WWE’s Toni Storm is no stranger to opening up about mental health issues, revealing in 2019 that she had been diagnosed with anxiety when she was 16 years old. In her most recent interview, Toni Storm revealed the importance of talking about mental health, and for society to normalize these important conversations.
The former NXT UK Women’s Champion spoke to WWE Deutschland, saying that while WWE Superstars are larger than life, they are human. Toni Storm continued, saying that it’s okay to talk to people because life isn’t easy.
“It can be rough out there. Not everyone is having a good time at all times, even WWE Superstars. Yeah, I’m this ‘big ol WWE Superstar.’ At the same time, I’m a real person and it’s okay to be human and talk to people and be yourself and normalize that. Normalize speaking out and talking to people and getting through your stuff because life ain’t easy. I’m sure you all know that,” said Storm. (h/t Fightful)
Toni Storm deleted her social media accounts for a short period in 2019, following personal photos of her being leaked online. Toni Storm received tons of support from both WWE fans and personnel, with #WeSupportToniStorm trending on Twitter. Storm later revealed both the support of her fans and her strong and supportive “group of friends” have helped her through her challenges:
“I just shut down because I knew stuff had leaked. I was already in kind of a bad place mentally. I’ve always really struggled with depression, anxiety big time. I never really spoken out about it… Now I’m in a place where I can laugh about it with friends, but it was awful at the time.”
Like Toni Storm, WWE Superstar Big E has opened up about mental health recently
Toni Storm is not the only WWE Superstar who has opened up about mental health, current WWE Champion Big E revealed in a recent interview that he has been battling mental health issues since he was 19 years old.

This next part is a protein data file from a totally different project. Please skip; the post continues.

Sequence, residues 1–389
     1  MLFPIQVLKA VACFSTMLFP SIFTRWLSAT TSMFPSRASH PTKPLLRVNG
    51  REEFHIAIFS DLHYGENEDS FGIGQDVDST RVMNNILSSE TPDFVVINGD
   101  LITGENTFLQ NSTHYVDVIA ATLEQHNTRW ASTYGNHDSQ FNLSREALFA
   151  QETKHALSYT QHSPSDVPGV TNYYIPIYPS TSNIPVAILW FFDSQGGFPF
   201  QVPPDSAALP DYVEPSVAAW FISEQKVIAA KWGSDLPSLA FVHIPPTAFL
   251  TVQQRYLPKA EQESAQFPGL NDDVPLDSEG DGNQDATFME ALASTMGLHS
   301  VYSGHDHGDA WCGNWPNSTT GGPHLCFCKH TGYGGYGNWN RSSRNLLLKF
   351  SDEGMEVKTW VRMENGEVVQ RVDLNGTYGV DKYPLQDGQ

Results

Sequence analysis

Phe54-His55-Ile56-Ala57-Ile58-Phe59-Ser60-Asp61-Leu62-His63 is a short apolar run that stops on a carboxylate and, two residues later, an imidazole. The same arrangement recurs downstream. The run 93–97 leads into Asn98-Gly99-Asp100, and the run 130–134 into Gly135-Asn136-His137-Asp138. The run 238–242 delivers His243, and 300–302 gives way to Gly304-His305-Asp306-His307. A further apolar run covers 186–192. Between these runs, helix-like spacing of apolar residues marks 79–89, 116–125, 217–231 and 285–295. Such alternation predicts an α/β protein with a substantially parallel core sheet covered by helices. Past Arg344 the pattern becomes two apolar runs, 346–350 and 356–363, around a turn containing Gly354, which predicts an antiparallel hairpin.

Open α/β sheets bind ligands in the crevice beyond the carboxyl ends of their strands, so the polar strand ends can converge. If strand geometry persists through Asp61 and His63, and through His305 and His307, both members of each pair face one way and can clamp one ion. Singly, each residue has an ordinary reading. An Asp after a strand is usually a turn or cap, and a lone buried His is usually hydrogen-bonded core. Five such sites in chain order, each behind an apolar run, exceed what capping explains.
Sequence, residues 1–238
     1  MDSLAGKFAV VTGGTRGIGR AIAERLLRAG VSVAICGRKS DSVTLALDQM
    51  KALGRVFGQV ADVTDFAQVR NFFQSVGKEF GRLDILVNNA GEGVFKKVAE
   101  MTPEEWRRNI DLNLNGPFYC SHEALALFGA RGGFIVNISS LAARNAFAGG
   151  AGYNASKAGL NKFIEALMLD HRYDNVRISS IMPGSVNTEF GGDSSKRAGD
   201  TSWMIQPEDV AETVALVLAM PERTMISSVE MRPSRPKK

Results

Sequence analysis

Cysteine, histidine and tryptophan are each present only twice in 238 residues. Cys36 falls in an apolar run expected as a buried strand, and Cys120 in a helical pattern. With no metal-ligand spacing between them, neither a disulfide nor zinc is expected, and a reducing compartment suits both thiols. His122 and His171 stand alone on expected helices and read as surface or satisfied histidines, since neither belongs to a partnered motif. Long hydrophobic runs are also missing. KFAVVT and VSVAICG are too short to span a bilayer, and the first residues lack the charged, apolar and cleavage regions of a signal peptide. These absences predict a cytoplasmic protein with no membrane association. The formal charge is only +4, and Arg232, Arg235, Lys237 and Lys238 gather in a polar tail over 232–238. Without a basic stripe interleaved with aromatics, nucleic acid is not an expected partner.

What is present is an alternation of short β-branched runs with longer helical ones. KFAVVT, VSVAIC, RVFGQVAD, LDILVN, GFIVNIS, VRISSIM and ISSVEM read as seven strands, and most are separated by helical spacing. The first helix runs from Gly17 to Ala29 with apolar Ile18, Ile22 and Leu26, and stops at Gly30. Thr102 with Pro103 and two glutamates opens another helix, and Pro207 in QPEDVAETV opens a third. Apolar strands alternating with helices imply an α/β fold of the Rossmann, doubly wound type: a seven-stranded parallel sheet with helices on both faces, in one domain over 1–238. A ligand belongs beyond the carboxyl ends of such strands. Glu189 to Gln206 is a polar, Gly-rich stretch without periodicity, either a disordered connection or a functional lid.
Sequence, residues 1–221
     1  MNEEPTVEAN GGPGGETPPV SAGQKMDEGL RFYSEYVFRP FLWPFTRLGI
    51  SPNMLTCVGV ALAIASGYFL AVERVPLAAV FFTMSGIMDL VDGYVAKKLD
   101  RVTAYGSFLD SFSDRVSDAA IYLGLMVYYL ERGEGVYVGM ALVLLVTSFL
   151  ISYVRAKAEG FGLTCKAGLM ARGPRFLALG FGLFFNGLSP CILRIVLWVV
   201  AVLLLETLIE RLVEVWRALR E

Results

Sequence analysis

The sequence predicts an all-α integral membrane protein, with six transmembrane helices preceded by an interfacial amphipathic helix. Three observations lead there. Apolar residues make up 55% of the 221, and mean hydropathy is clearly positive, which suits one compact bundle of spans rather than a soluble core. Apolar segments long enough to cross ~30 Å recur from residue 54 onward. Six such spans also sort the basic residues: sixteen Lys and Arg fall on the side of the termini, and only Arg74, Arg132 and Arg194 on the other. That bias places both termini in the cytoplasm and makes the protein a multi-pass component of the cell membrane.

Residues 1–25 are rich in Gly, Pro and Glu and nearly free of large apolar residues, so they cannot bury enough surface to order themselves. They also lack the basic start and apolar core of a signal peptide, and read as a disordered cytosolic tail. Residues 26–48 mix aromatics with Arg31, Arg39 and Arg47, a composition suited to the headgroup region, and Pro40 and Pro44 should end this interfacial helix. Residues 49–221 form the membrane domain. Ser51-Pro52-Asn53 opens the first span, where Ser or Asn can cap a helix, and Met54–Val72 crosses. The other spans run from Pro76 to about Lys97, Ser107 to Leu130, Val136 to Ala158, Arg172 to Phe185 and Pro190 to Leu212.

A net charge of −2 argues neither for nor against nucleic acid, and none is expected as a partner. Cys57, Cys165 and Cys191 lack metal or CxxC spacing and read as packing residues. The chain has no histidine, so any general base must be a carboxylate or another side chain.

”It took me a long, long time. I try my best to never tell anyone, ‘this is the way you need to go to overcome mental illness.’ We all have our own paths and what works for us. What worked for me; at 19 years old, I had a coach of mine, Rod Akin, who essentially forced me to go talk to someone. In many ways, it really saved my life. Even then, it took a while for me to get into the process,” Big E said.
“I think so much of how I was raised and just kind of the culture of what it meant to be a man. I always played football and was in the gym. What I was always told from peers and in the home, it was, ‘a man does not show vulnerability.’ (…) ’Maybe that’s a protective device that allows you to get to a certain point in life without getting picked on too much and you build up these walls, but eventually it’s going to explode. It got to that point with me where it was ‘repress, repress, repress,’ but it’s not going anywhere. What has really helped me is just kind of leaning into the work,” Big E added. (H/T- fightful)
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